Amazon.com Design question

How come Amazon.com is the only Ecommerce site I’ve seen designed to fit the entire screen, while every other site has a border? (besides those old ones back in the days)

Sorry if this is a strange question, I’m not a web developer nor a designer, but, wouldn’t it make more sense to use up all the space just like Amazon did, rather than have the borders? Even though the Borders does make it look some what “prettier”. However, doesn’t that also create more clutter?

Any particular reason for this?

Who started the trend to use borders anyways?

I know a lot of non-ecommerce sites such as search engines do not use the borders, such as google & yahoo.

Also Forums, such as this one was also made in ‘Full screen’.

Its simply a design decision. The type of design that Amazon uses is called a fluid layout where most people go with a fixed layout. Fluid layouts are a harder to design, so I think most people stay clear of them.

Amazon has a busy website… take a long look at Amazon.com and try to count the number of sidebar boxes, content sections, features, etc. that are used on the site. Then compare that with your typical e-commerce site with <1,000 products. Amazon has more than 1,000,000 products. They have a full-width page out of necessity, they want users to see the most of all those widgets as possible.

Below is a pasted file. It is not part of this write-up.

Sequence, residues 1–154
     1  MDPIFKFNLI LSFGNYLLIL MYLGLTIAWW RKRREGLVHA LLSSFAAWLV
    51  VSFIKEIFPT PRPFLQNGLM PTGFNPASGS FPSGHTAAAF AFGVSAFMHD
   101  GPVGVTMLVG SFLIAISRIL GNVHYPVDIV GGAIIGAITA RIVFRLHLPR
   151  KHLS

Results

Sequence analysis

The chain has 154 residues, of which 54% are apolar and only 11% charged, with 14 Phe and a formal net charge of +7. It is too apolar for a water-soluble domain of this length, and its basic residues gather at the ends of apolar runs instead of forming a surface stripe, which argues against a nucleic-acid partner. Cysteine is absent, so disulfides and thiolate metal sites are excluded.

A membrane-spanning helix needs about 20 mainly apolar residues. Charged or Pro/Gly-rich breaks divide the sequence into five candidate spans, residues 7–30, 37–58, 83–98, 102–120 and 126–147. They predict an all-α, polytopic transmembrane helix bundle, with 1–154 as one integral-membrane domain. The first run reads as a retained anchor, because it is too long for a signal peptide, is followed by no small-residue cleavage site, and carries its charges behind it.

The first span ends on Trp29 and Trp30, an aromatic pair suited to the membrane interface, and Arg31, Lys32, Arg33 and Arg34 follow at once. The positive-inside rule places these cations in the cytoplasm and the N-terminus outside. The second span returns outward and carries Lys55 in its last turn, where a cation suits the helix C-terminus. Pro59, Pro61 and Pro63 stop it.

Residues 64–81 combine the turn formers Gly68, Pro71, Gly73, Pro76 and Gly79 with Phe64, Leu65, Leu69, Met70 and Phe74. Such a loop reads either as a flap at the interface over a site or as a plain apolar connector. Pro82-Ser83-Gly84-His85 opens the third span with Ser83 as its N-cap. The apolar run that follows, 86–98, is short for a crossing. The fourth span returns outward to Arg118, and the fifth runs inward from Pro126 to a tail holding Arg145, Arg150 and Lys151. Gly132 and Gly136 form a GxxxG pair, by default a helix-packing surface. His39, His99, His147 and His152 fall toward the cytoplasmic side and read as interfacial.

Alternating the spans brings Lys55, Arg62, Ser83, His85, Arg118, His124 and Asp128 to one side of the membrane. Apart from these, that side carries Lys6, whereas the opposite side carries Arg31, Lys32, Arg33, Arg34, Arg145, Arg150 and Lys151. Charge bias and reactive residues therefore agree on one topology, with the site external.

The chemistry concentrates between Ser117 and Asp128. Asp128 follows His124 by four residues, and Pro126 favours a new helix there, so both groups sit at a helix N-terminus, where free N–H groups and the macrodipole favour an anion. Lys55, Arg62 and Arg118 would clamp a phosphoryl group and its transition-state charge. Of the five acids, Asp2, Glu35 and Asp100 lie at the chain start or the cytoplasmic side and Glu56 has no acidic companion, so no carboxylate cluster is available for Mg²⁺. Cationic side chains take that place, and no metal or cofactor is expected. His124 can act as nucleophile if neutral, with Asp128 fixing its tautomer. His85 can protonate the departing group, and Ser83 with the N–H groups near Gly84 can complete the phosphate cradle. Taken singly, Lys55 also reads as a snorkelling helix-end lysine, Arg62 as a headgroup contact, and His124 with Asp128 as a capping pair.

They are the exception, not the rule. While it might be a good idea to keep an eye on Amazon to see what they’re up to, they’re not the best site to model an e-commerce store after. They have such great brand name recognition that they can get away with a lot that wouldn’t fly on a smaller merchant’s website.

That’s not to say many other e-commerce websites couldn’t use a full-width layout effectively.

beley’s comment is spot on. Amazon sets the bar on ecommerce sales as the #1 etailer but that doesn’t mean copying their site will give you success. While Amazon has mastered many things and defined the style for conventional checkout, shipping offers, etc. they have their own approach and are really backed more by user familiarity than traditional user experience. People trust their site and are able to use it easily enough for it to work for them.

I think Amazon are proof that Usability rather than beauty is the most important factor. While their website may not be the easiest thing to search (in terms of visual fluidity) it by far has the simplest purchasing platform of ANY website I’ve ever encountered. The one click purchase system, the very simple control panel, the fact their product pages are informative rather than being almost mystery meat navigation, the only downside to the site is the sheer scale of what it offers (making it’s biggest advantage it’s main negativity point), it’s almost like a safari trying to work your way around the design. :stuck_out_tongue: